ROME, March 21 (Xinhua) -- Increasing urban green areas and forests was crucial to ensure a future sustainable human development and to increase biodiversity, the UN's Food and Agriculture Organization (FAO) said on Wednesday.
The Rome-based UN agency launched its appeal on the International Day of Forests, which is celebrated worldwide on March 21 since 2012.
Marking the date with a special event at its headquarters in the Italian capital, FAO officials asked the international community to "join forces" to protect and increase urban trees and woodlands.
They highlighted forests within cities and in peri-urban areas play a key role not only in fighting air pollution and adapting to global warming, but "in the provision of a wide range of goods and services that are critical to human health and well-being".
"Well managed forests and trees in and around cities provide habitats, food and protection for many plants and animals, helping to maintain and increase biodiversity," FAO Director-General Jose Graziano da Silva stated in a video message.
Somehow, focusing environmental efforts on urban green was a necessity: today, over half of the global population lives in cities, and the figure was expected to reach almost 70 percent by 2050.
Moreover, "although cities occupy only 3 percent of the Earth's surface, they consume 78 percent of energy and emit 60 percent of carbon dioxide," FAO said in a statement.
As such, green areas and woodlands in and around cities would perform several vital functions, such as "storing carbon, removing air pollutants, assisting in food, energy and water security, restoring degraded soils, and preventing drought and floods".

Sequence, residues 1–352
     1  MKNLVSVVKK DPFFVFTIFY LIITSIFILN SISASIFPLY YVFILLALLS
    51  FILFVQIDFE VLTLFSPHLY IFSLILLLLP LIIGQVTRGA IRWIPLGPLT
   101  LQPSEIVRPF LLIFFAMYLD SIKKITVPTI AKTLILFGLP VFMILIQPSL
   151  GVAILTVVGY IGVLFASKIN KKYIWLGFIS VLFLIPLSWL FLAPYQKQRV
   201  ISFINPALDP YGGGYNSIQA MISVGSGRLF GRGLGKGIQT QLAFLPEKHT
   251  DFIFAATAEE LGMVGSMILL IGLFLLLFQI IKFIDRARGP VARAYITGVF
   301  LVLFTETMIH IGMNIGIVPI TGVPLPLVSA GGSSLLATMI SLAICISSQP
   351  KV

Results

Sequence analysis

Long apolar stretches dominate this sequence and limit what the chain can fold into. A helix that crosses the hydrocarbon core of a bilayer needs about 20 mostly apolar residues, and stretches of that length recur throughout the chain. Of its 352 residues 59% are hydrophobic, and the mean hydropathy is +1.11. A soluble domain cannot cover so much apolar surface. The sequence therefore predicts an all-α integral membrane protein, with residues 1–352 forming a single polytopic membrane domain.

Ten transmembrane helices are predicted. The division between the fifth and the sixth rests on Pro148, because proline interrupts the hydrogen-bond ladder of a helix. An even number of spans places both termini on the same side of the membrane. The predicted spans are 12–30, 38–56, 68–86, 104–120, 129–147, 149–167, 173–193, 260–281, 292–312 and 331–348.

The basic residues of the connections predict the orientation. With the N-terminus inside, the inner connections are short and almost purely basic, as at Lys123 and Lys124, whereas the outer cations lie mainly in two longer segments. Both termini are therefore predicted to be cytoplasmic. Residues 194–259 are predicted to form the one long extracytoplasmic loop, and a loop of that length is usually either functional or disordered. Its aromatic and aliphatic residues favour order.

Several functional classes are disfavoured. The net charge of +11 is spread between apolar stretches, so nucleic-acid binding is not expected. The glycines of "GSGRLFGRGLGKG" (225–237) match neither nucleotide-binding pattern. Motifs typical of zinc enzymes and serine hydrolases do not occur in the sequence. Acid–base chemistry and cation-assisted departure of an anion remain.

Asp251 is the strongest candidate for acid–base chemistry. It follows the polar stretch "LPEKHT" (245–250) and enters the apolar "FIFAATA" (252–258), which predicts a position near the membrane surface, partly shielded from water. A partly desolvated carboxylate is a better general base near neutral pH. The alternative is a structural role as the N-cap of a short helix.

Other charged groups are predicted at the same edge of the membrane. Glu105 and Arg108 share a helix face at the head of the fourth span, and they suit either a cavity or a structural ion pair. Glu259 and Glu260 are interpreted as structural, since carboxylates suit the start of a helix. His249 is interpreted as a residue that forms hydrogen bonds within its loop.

Several cities were already fully engaged in boosting their urban green, and Beijing was among those praised by the UN's agency on Wednesday, and hailed for its "afforestation miracle".
Since 2012, in fact, the Chinese capital launched a massive plan of urban green development to counterbalance the rapid swell in population, infrastructures, and pollution occurred in latest decades. FAO called it "the largest afforestation program in its (Beijing's) history".
"In suburban and peri-urban areas, most lands were afforested after moving low-end industries," the agency highlighted. Thus, forests in and around the Chinese capital were increased by some 42 percent, and would now represent more than 25 percent of the city plain.
Other cases of excellence were mentioned in the publication "Forest and Sustainable Cities - Inspiring Stories from around the world" released by FAO on the International Day of Forests.
The report also hailed Kenya's capital Nairobi, for example, for the good results achieved by local communities in saving the Karura forest from decay and a property development plan.
Karura forest was "once a crime-ridden area" -- and its proximity to the city led local authorities to think about cutting the green areas in favor of housing ones, the report explained. Yet, when the local communities became involved in its management, "its fortunes turned around."
"Conservationists... launched a highly publicized campaign to save the forest," and the cooperation with various stakeholders -- including local authorities, private sector, residents, donors, and NGOs -- played a decisive role in improving the forest management, according to FAO.
A further positive example would be provided by Peru's capital, Lima, where an area of 14 hectares was designed to host a new park as part of an afforestation plan launched in 2015.
Aimed at protecting people and environment from natural disasters such as landslides and quakes, the plan allowed to plant 3,500 native trees, and install a drip irrigation system using treated wastewater.